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  • The Anonymous Hungry Hippopotamus

Taco Bout It: Los Angeles, California

This is my third installment in the "Taco Bout It" series. The previous two posts were about great tacos in San Diego and the Bay Area. This post is dedicated to delicious tacos in the City of Angeles. I'll kick it off with the oldest, Mexican restaurant in Los Angeles.

El Cholo

The iconic, El Cholo restaurant (originally called "Sonora Café"), opened over 100 years ago, and has since been a L.A. institution. (Incidentally, El Cholo shares its anniversary with the famous, Hollywood sign.)

In 1927, the original El Cholo changed its name to "El Cholo Spanish Cafe," even though from day one, the restaurant has served nothing but Mexican food. The motivation behind the name change was to combat the racism that made it impossible for restaurants to identify as Mexican, and survive at that time.

El Cholo Cocktail Napkin with a 1935, L.A. Times Personal Ad

After opening the original El Cholo, the restaurant expanded, and now has six locations in Southern California, and one in Salt Lake City, Utah. After all this time, it is still a family affair, run by the descendants of Alejandro and Rosa Borquez.

Not only that, more than ten percent of El Cholo employees, across all locations, have been with the restaurant for over 20 years. That's pretty impressive considering the high, turn over in the restaurant industry.

The flagship El Cholo location, is still the most popular, and has always been packed with locals, athletes, tourists and celebrities, from Clark Gable and Nat King Cole, to Jack Nicholson and Robert De Niro.

You are also certain to find college students, from the University of Southern California, filling the tables and the bar. For Trojans, El Cholo is a staple of the USC experience, and for El Cholo, "the University of Southern California became part of the restaurant’s DNA."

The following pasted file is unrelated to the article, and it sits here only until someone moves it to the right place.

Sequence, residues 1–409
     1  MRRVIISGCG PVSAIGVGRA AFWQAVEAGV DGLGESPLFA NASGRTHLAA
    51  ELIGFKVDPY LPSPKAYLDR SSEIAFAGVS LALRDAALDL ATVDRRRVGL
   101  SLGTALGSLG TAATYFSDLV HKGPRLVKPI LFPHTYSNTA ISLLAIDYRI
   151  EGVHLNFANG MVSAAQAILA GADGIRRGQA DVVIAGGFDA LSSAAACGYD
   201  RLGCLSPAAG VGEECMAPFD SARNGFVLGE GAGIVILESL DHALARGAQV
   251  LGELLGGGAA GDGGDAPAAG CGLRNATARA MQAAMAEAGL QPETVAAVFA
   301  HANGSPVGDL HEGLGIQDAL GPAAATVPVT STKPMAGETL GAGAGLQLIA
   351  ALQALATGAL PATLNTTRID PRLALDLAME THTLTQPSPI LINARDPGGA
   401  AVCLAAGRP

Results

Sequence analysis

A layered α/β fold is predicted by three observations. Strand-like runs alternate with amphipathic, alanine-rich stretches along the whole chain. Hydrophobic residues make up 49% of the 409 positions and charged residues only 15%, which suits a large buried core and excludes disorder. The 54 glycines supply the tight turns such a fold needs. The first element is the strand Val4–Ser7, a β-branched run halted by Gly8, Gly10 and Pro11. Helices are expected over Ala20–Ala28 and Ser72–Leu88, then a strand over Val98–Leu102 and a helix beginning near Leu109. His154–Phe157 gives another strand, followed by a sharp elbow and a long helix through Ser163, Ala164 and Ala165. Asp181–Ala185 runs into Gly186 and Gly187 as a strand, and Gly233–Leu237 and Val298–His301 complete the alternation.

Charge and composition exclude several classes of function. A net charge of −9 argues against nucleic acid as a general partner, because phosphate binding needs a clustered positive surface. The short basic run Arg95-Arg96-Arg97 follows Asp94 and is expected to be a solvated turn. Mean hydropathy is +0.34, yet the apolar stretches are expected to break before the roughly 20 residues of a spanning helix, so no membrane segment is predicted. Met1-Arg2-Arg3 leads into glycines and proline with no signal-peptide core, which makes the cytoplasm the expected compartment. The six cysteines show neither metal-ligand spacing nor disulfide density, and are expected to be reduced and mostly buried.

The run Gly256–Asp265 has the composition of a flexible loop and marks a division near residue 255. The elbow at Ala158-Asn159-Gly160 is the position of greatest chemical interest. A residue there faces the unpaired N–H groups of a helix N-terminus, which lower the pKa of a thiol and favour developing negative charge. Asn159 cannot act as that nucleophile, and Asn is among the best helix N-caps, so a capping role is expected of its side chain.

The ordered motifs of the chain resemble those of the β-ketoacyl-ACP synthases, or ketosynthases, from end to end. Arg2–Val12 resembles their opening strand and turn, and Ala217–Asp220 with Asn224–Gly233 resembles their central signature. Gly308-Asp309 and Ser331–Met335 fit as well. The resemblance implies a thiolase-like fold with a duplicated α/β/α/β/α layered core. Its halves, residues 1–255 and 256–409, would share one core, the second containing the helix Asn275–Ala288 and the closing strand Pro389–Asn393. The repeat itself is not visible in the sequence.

Louis Zamperini Dining Room

In the Louis Zamperini dining room, you can find a plethora of USC memorabilia and a dedication to Zamperini. You may recognize the name Louis Zamperini from the book Unbroken and its 2014, film adaptation, directed by Angelina Jolie.

Zamperini was a USC Trojan, Olympian and World War II hero. During the war, Zamperini was in the U.S. Army Air Corps. While flying a mission, he and his crew crashed into the Pacific Ocean. He, and two survivors, stayed alive for 47 days on a life raft, only to be captured, held and tortured by the Japanese military for two and a half years.

By the time the war ended, and he was released in 1945, Zamperini was thought to be dead. He was able to prove his identity by showing his USC Silver Life Pass. Louis Zamperini has three Purple Hearts and a Prisoner of War Medal. In a letter to El Cholo restaurant, he wrote, “One thing that kept me mentally strong in Japanese prison camp was wanting to come home and enjoy a #1 at El Cholo.”

Chicken Taquitos

Now, on with the tacos ... The restaurant serves traditional tacos, but I have always had a penchant for their rolled and fried tacos. You can enjoy these chicken taquitos as an appetizer, or order them as a meal. Either way, gobble them up quickly because they are best when they are hot and crispy.